CD Doctor Question

Ive just bought a Sony CRX220A1 (Lite-On LTR 52246) and have been playing with CD Doctor.

Is it best to test the media at 8x, or to check the max read speed box?

Pretty much all media I’ve tried has low error rates at 8x, but at full speed I get quite a few c1/c2 errors with pressed audio cds and cdrs burned with my Sony. CDR’s burned with my Teac W524E seem to have much fewer errors when tested at the max read speed (maybe due to the reduced burning speed?).

Is it normal to have quite significantly higher c1 & c2 errors when testing at max read speed?

Also, during testing at the max speed the drive tends to spin up/down quite a lot.

Any input from more knowledgable people?

Cheers,
-dave

I talked with rdgrimes about this a while back, and both of us have been using max speed. A few reasons I could think of are:

  • 8x takes too long

  • When you copy from a data or audio CD, the speed is always max unless you’re in EAC or something.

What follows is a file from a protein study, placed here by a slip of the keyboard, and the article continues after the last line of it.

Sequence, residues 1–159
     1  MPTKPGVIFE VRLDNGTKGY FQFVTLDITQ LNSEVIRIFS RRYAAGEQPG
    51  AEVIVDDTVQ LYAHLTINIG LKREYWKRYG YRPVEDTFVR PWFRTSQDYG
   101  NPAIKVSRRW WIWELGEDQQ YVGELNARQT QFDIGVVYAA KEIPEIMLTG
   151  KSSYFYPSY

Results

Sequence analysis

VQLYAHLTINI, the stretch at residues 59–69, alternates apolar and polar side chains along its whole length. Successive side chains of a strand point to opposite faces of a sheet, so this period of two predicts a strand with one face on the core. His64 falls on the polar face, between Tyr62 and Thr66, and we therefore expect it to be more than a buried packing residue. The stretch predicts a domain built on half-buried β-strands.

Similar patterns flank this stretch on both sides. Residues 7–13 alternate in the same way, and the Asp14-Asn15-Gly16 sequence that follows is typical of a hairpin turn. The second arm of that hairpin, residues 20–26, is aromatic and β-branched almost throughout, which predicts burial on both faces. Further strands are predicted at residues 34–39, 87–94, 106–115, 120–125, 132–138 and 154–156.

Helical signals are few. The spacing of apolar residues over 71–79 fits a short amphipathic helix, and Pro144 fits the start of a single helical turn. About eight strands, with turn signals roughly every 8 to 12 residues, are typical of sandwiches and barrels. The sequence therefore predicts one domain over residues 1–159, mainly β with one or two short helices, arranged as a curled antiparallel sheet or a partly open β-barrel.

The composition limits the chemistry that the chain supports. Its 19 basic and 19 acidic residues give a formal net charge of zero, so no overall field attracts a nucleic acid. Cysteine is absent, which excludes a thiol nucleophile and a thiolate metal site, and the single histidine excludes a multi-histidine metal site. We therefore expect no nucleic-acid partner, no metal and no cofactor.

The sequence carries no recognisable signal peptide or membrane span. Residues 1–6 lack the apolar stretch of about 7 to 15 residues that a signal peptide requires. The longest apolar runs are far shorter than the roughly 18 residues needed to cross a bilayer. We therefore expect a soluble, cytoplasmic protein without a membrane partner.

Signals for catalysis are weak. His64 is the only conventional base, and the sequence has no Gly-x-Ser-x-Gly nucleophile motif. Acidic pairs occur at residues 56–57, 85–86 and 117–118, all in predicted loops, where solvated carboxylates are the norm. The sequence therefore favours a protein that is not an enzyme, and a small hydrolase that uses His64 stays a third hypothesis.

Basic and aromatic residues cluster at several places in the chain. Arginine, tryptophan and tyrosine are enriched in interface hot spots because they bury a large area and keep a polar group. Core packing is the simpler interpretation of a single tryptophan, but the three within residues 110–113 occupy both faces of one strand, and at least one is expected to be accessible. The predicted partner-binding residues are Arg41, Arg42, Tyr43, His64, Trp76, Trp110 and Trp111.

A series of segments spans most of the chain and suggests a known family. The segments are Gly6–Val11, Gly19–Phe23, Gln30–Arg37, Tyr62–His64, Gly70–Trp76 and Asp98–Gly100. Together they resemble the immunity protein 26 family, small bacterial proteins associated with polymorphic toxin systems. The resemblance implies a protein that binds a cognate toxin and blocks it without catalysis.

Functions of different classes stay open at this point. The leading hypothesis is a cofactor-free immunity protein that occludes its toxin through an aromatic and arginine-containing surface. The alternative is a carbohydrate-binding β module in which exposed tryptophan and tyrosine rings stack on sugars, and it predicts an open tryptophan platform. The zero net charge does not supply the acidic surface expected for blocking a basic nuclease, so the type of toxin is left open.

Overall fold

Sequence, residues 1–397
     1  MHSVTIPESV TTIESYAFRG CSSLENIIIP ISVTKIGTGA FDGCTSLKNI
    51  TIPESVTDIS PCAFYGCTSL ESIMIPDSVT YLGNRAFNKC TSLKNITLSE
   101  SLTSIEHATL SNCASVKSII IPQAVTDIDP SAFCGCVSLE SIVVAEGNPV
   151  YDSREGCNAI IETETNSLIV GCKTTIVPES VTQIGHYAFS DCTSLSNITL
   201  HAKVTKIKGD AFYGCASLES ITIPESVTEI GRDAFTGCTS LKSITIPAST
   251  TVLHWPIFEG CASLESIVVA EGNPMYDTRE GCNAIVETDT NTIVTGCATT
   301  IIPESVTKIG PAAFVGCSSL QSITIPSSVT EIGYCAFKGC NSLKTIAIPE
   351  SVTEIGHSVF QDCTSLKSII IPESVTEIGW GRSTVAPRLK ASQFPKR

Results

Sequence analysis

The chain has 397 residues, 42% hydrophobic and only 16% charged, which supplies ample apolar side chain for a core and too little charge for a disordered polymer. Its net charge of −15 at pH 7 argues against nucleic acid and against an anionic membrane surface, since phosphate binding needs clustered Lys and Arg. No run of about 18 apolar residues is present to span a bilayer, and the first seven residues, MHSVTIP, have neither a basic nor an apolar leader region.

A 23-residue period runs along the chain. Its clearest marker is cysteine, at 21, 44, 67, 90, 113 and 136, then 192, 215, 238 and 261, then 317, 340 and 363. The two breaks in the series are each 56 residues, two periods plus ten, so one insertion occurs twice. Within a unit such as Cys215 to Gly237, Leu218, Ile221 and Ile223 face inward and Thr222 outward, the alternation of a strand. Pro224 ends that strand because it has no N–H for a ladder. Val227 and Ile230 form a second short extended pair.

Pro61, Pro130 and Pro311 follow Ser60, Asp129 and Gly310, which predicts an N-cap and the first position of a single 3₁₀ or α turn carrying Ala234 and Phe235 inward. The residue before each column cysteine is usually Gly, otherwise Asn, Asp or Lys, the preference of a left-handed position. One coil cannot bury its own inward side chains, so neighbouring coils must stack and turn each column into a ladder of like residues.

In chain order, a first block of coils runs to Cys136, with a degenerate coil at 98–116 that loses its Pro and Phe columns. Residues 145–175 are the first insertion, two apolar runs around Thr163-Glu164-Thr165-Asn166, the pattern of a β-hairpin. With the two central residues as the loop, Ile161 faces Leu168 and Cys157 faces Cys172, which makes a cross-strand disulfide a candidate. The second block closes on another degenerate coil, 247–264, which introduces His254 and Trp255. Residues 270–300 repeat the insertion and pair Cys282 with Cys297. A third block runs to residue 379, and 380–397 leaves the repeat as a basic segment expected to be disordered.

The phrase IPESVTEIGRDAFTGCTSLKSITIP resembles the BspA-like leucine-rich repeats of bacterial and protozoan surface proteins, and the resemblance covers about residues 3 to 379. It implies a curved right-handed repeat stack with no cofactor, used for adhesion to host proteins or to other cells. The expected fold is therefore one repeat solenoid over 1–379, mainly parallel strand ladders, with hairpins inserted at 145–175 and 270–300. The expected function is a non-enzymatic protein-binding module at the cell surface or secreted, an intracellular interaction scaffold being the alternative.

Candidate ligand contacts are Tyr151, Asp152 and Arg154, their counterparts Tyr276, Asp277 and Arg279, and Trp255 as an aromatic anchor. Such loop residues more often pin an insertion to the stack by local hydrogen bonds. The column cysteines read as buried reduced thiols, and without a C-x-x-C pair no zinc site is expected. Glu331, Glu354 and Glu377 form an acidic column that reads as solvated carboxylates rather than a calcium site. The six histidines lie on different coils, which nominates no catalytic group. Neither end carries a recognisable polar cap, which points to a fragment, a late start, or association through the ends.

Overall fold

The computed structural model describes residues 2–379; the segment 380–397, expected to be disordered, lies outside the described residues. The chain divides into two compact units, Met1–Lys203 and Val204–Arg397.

• If the spin down occurs when testing, it’ll probably occur when reading from the CD at other times. Heads up, your burn is crap.

  • Many burns have low error rates at 8x, so full speed makes it easier to differentiate the good from the bad.

Hope this helps.

> I talked with rdgrimes about this a while back, and both of us
> have been using max speed. A few reasons I could think of are:

> * 8x takes too long

Fair enough.

> * When you copy from a data or audio CD, the speed is always > max unless you’re in EAC or something.

True.

> * If the spin down occurs when testing, it’ll probably occur
> when reading from the CD at other times. Heads up, your burn > is crap.

I doubt the burn is crap. They’ve been done in my Sony (Lite-On) and my Teac W524E and using the best available media (Taiyo Yuden, Mitsui… ) and the errors also occur with original pressed audio cd’s that I have just bought and are in perfect condition.

The problem is also intermittent. One test run is fine, the next has errors… it’s pretty strange.

Any input greatly appreciated!

-dave

  • Many burns have low error rates at 8x, so full speed makes it easier to differentiate the good from the bad.

Hope this helps.